- If a radio station chooses to ban “Baby It’s Cold Outside,” I think they are setting a great example for what it means to support and listen to the voices of those who feel uncomfortable or victimized by this song. But are they applying that same standards to their entire playlists? What about Robin Thicke’s “Blurred Lines,” which is very explicitly about getting women to take drugs so you can sleep with them. Did the stations also remove that song from their playlist? What about some of the older catalog by an artist like Eminem, who wrote very explicit songs about his ex-wife and the violence he wanted to commit against her? Is the station doing this because they really want to support people who have experienced sexual assault, or are they just using a current controversial topic to win some “woke points” from the millennials with something that won’t really affect their bottom line (Robin Thicke tends to bring in more ad revenue than old Dean, after all)?
At the end of the day, I like “Baby, It’s Cold Outside.” I think it’s cute and sweet, and as much as I try to play the hard bitch, I know what it’s like to be in that sort of relationship and know that you have adult-y things you should be doing, but you just want to cuddle for a little while longer. I see the intent of the song, and I feel comfortable listening to it.
But I’m also able to separate my private enjoyment from the issue of public presentation. If I want to hear “Baby, It’s Cold Outside,” I can do that pretty much any time I want to. I have a subscription to Prime Music, I have the Pandora and YouTube apps on my phone, and I have two Echos (one in my office and a new one in my bedroom that I take with me traveling). I can hear that song whenever I damn well please. So that means that if a radio station decides to stand with victims of assault, I don’t need to get all butthurt about it. I can still hear the song as much or as little as I like. If a radio station does decide to keep it in their rotation, then I might encounter it “in the wild” and I’m fine with that, but I hope that if someone is also hearing it and doesn’t feel comfortable that they are in an environment where they can at least feel comfortable saying so.
People getting upset about radio stations removing this song are representative of a bigger problem in our society, one that mirrors the disgusting politics of “religious intolerance.” People forget that there is an important and necessary distinction between what is public and what is private. If you want to sit in your home and be a racist, or a homophobe, or a transphobe, or a misogynist, or some other type of asshole, that’s actually just fine. I hope that you learn and evolve, and I hope that some day you come out of your ignorance, but you have the right to exist in that state in your private life. But in public, being an asshole has (or should have) consequences. Someone calling you on your homophobic shit isn’t “religious intolerance,” it’s reminding you that you are in a space that is shared with EVERYONE – that’s what the fuck “public” means. To argue that this is somehow “intolerance” is rooted in privilege and entitlement, and if you don’t believe that, look at who is making these claims of religious intolerance: white, hetero, Christians who are trying to openly spout some sort of -ism. No one is claiming “religious intolerance” when communities oppose Muslims creating spaces for them to commune and worship. No one is claiming “religious intolerance” when Native Americans are banned from practicing their traditional religious practices in college campus housing or have the cops called on them for burning sage or other traditional herbs in the privacy of their own homes. But ask some homophobic Christian to bake a cake for a gay wedding, and let the sad tales of persecution flow!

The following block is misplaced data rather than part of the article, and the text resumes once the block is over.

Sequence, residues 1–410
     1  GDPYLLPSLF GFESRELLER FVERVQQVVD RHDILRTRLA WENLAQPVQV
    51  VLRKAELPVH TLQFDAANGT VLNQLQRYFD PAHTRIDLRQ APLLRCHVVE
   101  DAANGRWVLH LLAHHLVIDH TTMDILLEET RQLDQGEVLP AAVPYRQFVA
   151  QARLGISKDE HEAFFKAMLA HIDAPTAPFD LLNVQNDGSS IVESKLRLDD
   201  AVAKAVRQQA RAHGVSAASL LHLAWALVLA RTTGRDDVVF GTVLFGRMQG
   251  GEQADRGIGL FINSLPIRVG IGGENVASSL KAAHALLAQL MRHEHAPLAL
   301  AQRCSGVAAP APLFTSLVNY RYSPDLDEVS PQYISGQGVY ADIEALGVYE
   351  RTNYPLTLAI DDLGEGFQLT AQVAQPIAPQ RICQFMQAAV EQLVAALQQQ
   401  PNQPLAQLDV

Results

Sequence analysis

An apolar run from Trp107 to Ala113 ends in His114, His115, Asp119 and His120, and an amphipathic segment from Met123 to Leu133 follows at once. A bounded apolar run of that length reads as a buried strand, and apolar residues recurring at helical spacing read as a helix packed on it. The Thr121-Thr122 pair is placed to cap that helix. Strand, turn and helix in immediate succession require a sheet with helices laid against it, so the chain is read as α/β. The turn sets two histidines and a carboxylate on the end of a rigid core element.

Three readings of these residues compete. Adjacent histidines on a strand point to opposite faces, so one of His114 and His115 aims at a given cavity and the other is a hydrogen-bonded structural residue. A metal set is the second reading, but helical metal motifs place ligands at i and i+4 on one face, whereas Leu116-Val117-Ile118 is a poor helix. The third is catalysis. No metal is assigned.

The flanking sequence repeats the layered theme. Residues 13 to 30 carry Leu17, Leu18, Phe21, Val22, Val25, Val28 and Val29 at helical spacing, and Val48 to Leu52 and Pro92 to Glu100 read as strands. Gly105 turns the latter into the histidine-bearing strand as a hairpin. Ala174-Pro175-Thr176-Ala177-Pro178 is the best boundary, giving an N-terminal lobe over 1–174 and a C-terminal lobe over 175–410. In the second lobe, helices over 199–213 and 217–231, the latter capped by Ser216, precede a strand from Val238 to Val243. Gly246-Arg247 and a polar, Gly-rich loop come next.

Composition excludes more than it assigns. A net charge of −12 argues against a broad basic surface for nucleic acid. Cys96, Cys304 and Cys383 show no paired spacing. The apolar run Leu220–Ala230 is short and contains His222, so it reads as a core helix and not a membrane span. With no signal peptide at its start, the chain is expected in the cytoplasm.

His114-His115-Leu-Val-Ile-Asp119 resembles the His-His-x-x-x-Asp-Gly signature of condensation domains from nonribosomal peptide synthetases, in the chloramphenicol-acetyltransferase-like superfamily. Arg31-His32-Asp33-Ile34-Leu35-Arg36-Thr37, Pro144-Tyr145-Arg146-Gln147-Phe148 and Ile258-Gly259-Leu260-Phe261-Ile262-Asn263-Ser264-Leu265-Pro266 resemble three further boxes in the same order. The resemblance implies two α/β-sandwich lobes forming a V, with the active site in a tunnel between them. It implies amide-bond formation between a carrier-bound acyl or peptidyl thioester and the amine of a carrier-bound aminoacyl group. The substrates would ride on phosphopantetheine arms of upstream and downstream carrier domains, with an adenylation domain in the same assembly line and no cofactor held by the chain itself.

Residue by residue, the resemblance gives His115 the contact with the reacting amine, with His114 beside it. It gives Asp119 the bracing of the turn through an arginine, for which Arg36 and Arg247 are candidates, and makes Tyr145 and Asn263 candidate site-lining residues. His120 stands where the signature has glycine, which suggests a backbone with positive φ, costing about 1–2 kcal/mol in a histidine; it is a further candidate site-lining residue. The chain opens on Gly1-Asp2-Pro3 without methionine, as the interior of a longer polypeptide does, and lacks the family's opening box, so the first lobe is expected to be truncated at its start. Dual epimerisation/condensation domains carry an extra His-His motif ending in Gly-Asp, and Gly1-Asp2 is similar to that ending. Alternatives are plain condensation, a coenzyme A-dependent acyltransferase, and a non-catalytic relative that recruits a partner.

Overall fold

I get that our culture is changing and that it can be hard for us to enjoy the things we used to enjoy in the same ways. And that can be sad, and frustrating. But is it really worth causing harm to someone else just so that you can hold on to one holiday song that you still have every right and opportunity to listen to in the privacy of your own home? And on the other side, are we really going to spend this much time and effort (resources that are very much finite) on a song that only gets played a couple months out of the year, instead of just changing the station or exiting the location where we’re hearing it when there are so many bigger, more worthier things that need our attention?
Maybe I’m not “woke” enough, but this toxic argument culture is putting me to sleep…
(Editor’s Note: Thanks to my friend Nicole for the link to the Washington Post article about the progressive roots of the song, linked above.)